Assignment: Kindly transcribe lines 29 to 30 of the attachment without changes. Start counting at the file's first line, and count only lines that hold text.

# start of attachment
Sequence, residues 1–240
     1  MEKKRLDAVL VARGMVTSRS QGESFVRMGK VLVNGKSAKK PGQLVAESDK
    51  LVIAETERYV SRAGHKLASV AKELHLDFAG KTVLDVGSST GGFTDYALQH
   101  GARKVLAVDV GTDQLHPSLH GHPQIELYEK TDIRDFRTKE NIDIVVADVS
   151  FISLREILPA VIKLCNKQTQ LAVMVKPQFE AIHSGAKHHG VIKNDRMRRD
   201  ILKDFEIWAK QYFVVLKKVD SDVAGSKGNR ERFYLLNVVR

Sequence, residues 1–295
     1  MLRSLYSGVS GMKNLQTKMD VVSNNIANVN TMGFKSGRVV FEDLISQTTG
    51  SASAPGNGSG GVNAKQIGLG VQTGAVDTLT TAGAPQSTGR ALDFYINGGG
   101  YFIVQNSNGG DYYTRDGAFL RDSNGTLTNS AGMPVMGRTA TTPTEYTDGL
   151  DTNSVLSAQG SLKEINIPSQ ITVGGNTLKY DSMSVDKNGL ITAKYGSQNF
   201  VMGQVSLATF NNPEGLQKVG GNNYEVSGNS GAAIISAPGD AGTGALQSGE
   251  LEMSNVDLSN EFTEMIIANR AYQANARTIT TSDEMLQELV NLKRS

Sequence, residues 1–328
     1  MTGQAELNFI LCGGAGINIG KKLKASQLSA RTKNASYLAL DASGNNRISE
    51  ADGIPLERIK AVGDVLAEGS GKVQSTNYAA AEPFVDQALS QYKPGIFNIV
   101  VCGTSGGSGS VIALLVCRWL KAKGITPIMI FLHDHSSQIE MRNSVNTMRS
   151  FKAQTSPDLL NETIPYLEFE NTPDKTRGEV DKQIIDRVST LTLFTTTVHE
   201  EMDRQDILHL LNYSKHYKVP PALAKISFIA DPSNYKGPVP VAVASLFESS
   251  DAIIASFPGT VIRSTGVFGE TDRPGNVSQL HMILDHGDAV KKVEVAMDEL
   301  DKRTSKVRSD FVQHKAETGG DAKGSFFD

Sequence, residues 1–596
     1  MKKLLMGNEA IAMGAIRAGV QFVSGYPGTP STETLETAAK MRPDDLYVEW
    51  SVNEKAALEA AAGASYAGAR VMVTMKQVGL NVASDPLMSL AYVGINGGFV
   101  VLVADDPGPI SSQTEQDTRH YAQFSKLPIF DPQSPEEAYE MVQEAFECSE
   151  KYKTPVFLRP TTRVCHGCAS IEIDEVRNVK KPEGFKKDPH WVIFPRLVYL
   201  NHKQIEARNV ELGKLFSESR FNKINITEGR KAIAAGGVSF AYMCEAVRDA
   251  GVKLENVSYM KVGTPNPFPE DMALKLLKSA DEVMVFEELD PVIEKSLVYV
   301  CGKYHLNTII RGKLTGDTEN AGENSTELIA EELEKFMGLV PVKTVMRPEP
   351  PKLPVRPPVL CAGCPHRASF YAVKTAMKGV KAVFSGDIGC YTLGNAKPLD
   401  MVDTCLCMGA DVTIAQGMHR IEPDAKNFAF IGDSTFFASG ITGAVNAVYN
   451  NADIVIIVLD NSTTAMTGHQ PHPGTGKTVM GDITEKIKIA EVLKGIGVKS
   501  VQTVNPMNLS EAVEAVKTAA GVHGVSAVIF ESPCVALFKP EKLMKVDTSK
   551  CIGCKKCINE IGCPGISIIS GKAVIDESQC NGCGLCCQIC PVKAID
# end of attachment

   301  CGKYHLNTII RGKLTGDTEN AGENSTELIA EELEKFMGLV PVKTVMRPEP
   351  PKLPVRPPVL CAGCPHRASF YAVKTAMKGV KAVFSGDIGC YTLGNAKPLD